Estate planning is often looked upon as a one-way street. The idea is that the only decision that you have to make is how you are going to be distributing slices of a pie. People that adopt this perspective do not think about the life situation of each respective inheritor.
In fact, this is an important consideration, and it is well demonstrated by the fallout that can materialize when a person with a disability is receiving an inheritance.
Need-Based Government Benefits
The majority of Americans get affordable health insurance through their employers. Since many people with disabilities cannot work, this option is not available to them.
Everyone needs health insurance, but the need is even more significant for folks that are in this position. And then there is the matter of income, and this void speaks for itself.
Fortunately, there are safety nets in place. Medi-Cal is a jointly administered federal/state government health insurance program for people with very limited resources. Supplemental Security Income is a very modest but welcome source of monthly cash.
Eligibility is contingent on ongoing financial need. If a benefit recipient was to receive a sizable direct inheritance, their profile would change dramatically, and they could lose their benefits.
There Is a Solution
The above scenario is a bit disconcerting on the surface, but there is an estate planning solution in the form of a supplemental needs trust. People alternately use the term “special needs” trust to describe these devices.
If you establish this type of trust for the benefit of a loved one, you would be called the grantor of the trust. The person that you want to assist would be the beneficiary, and you would empower a trustee to act as the administrator.
When it comes to the choice of trustee, you can go in a couple of different directions. It is possible to get someone that you know personally to agree to act as the trustee.
Of course, if you are creating a trust as an estate planning tool, you have to consider the anticipated longevity of the trustee. You may not know anyone with the proper qualifications, and there are strict rules that must be followed to the letter.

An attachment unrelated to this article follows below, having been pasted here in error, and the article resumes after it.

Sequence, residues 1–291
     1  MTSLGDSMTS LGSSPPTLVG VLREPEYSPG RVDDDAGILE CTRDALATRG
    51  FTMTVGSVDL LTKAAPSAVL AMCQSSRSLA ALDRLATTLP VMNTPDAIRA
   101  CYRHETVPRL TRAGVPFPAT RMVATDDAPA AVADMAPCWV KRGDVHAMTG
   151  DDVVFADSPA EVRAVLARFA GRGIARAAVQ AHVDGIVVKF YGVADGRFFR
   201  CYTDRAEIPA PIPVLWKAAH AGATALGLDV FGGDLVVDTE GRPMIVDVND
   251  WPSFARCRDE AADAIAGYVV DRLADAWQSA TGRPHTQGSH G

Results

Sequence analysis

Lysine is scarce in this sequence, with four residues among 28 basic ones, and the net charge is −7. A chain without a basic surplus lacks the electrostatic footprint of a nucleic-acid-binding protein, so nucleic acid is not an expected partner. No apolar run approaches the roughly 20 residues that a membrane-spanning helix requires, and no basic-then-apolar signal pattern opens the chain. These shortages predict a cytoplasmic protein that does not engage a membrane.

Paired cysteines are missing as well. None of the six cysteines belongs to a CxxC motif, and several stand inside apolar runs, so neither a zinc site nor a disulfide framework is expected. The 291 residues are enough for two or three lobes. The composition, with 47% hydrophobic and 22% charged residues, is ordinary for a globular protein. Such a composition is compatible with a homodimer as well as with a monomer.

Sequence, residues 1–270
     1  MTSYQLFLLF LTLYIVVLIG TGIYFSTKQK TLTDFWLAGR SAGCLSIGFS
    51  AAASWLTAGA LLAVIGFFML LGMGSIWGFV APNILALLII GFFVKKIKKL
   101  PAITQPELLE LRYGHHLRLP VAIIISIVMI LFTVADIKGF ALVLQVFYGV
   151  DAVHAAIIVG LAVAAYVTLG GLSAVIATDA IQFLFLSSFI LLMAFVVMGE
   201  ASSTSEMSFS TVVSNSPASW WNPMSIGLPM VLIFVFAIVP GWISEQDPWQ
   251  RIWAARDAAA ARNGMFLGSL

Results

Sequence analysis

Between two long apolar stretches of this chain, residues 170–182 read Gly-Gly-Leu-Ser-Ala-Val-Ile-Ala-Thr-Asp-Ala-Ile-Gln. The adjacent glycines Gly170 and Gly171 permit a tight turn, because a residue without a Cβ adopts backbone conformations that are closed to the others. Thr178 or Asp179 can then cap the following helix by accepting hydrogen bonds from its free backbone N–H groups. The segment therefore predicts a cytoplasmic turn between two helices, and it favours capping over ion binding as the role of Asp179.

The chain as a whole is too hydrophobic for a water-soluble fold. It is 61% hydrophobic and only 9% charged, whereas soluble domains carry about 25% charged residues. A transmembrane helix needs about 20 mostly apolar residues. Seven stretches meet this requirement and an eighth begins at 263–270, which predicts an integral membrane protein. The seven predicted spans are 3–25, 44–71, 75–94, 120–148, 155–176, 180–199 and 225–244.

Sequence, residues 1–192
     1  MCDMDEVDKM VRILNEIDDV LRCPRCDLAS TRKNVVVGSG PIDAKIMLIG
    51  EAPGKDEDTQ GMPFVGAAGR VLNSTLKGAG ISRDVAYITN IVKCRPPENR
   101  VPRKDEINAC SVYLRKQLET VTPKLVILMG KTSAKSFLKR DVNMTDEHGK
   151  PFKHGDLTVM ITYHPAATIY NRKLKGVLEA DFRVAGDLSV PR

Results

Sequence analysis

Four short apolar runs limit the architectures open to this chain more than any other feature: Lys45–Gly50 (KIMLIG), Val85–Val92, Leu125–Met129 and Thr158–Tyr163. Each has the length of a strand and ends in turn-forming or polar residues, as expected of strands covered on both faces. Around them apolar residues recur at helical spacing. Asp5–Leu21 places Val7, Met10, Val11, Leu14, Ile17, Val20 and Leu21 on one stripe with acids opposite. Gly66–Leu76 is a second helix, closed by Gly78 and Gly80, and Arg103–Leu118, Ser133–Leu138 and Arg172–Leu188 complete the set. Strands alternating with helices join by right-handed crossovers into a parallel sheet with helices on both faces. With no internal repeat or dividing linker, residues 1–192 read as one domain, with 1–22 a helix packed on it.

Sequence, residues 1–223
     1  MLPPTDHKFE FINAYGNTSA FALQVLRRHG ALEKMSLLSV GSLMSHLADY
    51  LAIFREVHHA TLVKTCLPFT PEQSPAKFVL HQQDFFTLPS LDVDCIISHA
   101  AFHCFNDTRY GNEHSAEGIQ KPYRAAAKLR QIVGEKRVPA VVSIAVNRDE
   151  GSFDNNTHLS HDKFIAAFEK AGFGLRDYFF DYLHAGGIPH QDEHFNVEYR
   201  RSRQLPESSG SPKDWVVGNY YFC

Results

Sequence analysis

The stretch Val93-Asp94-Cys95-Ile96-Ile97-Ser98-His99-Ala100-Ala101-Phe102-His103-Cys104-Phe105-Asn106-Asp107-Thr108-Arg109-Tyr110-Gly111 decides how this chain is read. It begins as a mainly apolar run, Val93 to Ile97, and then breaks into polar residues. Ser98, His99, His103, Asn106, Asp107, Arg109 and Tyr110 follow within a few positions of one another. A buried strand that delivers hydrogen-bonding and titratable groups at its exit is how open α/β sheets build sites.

The other option would be to engage a professional fiduciary like a trust company or the trust department of a bank. If you go this route, you can go forward with the knowledge that the trust will be competently administered, and there would be no succession concerns.
Medi-Cal does not cover every medical, dental, and therapeutic treatment that the beneficiary may want or need. Supplemental Security Income is extremely limited, and no one could live on these payouts comfortably.
Under the program guidelines, the trustee would be able to use assets in the trust to satisfy these unmet or supplemental needs. As long as the rules are followed correctly, benefit eligibility would not be lost.
Medi-Cal Estate Recovery
The last piece to the puzzle that you should understand is the matter of estate recovery. When a benefit recipient dies, Medi-Cal can attach assets that remain in their estate.
With the exception of a home, you cannot qualify if you have more than $2000 in your own name, so there is usually nothing to take. However, there is a shade of gray when it comes to the beneficiary of a special needs trust.
If you use your funds to establish a third-party trust, Medi-Cal could not go after the remainder. It would fall to a successor beneficiary that you would name in the trust declaration.
Sometimes a person with a disability that is enrolled in these benefit programs will receive a personal injury settlement or judgment, or they may come into money in another way. Under these circumstances, a first party supplemental needs trust could be established.
The arrangement would be the same with regard to the trustee’s ability to make the beneficiary more comfortable without impacting benefit eligibility. However, assets that remain in the trust after the passing of the beneficiary would be available to Medi-Cal during the recovery phase.
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